California's rise this week to the nation's top spot in confirmed coronavirus cases — overtaking New York — reportedly has the Golden State's health care personnel concerned about potential shortages in medical equipment, beds and hospital staffing.
“We need to be prepared to treat as many as 25,000 COVID-positive patients,” Carmela Coyle, president and CEO of the California Hospital Association, told FOX 40 of Sacramento. “That’s about four times the level where we are today.”
California reported a record 12,807 new cases of the virus Wednesday and more than 7,000 coronavirus patients were hospitalized statewide — with more than 2,000 needing intensive care, The Los Angeles Times reported.
But the concern over increasing hospitalizations is about more than just finding a bed for a patient, Coyle told LAist.com.
“Capacity is made up of not just space and beds. In fact, those things are among the easiest to resolve,” she said. “But it is all about staff and personal protective equipment and testing. And unfortunately, all three of those things are in short supply."
Last week, state officials requested help from more than 150 Air Force medical workers to relieve overwhelmed staff in some hospitals across the state.
About 45,000 of the approximately 50,000 available hospital beds in the state were already taken, Coyle said, according to LAist.com.
The state is looking again at “non-traditional” locations to add temporary medical centers and the hospital association has asked the state to request more federal medical staffing assistance, she said.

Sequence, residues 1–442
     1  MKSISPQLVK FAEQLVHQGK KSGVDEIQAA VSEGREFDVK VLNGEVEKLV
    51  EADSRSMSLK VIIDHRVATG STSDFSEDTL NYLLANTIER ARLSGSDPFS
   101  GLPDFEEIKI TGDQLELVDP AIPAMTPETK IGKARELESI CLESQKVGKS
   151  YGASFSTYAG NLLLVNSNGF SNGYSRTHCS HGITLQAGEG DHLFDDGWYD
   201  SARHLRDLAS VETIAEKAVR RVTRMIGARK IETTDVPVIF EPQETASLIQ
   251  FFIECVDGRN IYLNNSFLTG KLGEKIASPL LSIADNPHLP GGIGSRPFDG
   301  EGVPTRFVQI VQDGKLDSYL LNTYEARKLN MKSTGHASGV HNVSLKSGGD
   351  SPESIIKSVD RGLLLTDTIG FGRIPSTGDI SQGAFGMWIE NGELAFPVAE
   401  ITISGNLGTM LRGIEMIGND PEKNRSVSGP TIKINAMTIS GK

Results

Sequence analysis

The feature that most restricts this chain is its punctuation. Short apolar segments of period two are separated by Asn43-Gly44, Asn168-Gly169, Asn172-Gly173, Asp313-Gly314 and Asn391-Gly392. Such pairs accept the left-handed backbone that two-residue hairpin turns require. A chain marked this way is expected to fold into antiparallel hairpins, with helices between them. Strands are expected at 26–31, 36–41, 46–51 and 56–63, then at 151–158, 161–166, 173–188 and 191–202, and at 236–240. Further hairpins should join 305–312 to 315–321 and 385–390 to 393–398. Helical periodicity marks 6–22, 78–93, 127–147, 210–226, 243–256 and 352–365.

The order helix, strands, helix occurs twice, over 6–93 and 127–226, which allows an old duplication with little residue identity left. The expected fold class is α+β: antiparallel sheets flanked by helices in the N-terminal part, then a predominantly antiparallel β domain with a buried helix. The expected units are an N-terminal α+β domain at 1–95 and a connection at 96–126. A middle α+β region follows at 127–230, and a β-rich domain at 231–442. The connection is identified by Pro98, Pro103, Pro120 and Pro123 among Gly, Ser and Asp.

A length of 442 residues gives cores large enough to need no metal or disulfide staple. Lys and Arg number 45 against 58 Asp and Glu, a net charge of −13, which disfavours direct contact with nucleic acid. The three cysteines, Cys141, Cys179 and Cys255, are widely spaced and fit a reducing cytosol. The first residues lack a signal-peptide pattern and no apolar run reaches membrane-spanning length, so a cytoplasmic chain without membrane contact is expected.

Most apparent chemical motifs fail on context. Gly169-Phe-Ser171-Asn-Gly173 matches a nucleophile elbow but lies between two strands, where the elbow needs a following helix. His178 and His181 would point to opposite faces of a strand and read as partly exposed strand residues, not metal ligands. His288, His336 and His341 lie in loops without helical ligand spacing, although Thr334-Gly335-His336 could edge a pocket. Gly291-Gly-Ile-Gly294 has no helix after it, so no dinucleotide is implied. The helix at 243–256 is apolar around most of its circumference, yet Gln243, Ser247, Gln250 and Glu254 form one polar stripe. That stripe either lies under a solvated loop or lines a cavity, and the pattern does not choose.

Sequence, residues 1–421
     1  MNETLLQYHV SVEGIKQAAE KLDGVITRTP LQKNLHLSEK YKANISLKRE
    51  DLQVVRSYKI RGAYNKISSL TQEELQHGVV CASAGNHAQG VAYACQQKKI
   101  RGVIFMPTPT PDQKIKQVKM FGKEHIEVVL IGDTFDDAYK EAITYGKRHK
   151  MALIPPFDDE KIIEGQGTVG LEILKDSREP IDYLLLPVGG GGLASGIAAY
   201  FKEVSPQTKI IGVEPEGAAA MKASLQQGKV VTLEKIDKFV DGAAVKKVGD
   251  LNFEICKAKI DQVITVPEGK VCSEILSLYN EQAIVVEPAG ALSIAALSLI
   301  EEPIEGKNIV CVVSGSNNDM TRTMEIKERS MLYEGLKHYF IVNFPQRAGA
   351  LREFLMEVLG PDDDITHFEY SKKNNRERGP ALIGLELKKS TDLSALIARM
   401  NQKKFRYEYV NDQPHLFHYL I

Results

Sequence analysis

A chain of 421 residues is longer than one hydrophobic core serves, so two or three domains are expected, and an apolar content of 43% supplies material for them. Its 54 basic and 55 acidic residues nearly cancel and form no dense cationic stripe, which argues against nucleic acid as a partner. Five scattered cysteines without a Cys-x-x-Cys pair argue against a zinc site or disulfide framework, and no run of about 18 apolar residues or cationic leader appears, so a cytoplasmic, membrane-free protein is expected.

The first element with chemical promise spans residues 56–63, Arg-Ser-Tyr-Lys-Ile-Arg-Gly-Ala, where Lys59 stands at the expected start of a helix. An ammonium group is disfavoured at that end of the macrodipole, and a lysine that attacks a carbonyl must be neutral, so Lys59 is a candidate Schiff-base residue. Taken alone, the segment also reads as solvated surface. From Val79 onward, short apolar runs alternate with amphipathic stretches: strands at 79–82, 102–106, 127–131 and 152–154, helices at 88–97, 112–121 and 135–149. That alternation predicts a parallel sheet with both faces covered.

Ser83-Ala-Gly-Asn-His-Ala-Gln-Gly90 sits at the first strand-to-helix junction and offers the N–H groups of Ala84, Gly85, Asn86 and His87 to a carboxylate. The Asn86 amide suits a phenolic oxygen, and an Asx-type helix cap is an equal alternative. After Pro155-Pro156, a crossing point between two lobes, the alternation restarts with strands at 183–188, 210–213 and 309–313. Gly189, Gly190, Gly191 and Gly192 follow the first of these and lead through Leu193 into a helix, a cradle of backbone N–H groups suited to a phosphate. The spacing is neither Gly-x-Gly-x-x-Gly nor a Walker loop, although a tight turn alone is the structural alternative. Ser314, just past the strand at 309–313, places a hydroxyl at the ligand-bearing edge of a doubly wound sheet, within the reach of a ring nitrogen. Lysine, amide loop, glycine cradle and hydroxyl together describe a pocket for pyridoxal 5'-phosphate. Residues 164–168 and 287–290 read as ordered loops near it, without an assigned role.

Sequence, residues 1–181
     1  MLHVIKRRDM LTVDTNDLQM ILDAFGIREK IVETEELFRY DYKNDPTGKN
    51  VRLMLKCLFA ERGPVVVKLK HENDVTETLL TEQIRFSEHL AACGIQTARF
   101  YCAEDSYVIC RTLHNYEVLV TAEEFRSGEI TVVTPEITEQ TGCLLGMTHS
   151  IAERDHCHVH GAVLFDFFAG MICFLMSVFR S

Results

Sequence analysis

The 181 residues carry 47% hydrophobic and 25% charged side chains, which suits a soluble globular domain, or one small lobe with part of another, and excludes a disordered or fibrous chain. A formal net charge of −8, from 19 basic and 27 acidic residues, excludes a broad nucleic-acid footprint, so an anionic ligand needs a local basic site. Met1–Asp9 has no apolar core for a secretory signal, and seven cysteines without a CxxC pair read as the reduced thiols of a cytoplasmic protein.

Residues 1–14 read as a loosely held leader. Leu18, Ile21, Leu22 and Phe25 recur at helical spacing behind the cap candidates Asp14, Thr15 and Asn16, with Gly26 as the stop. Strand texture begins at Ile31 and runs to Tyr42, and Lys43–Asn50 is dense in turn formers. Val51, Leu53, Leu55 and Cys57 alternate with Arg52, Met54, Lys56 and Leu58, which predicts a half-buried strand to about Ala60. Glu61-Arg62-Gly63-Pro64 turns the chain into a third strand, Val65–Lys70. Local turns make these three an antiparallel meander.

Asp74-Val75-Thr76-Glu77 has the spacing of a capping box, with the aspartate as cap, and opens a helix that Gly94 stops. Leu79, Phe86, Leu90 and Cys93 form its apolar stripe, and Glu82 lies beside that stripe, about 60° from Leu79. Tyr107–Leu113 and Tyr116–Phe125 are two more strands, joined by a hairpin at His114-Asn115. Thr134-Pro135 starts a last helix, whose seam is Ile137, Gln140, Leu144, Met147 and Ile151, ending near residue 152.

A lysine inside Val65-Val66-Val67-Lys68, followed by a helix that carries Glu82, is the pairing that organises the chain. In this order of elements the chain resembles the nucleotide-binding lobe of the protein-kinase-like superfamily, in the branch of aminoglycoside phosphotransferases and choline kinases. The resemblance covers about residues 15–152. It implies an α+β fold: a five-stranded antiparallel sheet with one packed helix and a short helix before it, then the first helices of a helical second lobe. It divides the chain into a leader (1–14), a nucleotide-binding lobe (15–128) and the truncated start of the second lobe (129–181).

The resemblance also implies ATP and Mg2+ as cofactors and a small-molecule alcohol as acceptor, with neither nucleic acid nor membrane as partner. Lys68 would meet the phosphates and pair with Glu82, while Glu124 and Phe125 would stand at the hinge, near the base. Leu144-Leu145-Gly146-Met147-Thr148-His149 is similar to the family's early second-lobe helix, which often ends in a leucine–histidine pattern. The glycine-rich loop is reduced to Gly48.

Gov. Gavin Newsom said Wednesday he was extending the state’s contract with a Chinese firm to secure 120 million N95 masks and 300 million surgical masks to distribute to hospitals and other facilities across the state but admitted some hospital workers continued to complain of shortages.
“We were able to bend the curve many months ago in the state of California,” Newsom told reporters at a news conference. “That bought us time to purchase and procure the kind of equipment you see behind me and put together our plans.”
He said the state is prepared for a possible strain on hospitals, including “the need to develop alternative care sites outside of our hospital system to help isolate and quarantine individuals,” The L.A. Times reported.
“Alternative" sites may mean “beds in office buildings and conference rooms and all the rest within the hospital footprint," Coyle told FOX 40. "That is not pretty.”